Media Coverage

The Denver Post: More Colorado Kids Need Preventive Dental Care

Colorado, like most states, isn’t doing enough to prevent tooth decay in children, according to a new report from the Pew Charitable Trusts.

Colorado scored a B in the report, which gave 20 states Ds and Fs. The center scored states based on the use of dental sealants, clear plastic coatings that fill in crevices in molars. Sealants prevent decay and cost one-third as much as repairing a cavity.

Researchers say a major improvement would be to increase the number sealant programs in schools in poorer neighborhoods.

Oral Health Colorado, a dental coalition, was recently awarded a grant to give children sealants through a new in-school initiative.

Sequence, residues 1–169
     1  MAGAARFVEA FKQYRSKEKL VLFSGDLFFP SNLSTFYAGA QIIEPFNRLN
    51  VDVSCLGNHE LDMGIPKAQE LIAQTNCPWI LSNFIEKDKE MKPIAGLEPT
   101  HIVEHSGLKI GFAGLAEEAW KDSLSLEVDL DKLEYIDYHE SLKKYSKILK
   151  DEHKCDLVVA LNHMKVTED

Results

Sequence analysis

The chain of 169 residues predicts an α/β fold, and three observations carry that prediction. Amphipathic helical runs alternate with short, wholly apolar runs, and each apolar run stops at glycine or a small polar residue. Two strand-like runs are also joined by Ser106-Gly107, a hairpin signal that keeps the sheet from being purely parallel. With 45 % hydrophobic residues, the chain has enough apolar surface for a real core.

Second-grade is the prime time for sealants, shortly after permanent teeth appear. Molars are the most cavity-prone teeth, and sealants act as a barrier against decay-causing bacteria.

At the same time, Colorado’s Miles For Smiles program is being discontinued. The group has provided dental treatment for kids in rural areas for 14 years with a mobile unit. About 1,000 children per year were receiving free dental care through the program, which is stopping operation because of funding cuts.

Projects:
Children's Dental Policy
Issues:
Sealants, Dental Health
 
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Related Resources

PCS.PRODUCTION.1.20140221.1210 (PEWSUWVMWAPP01)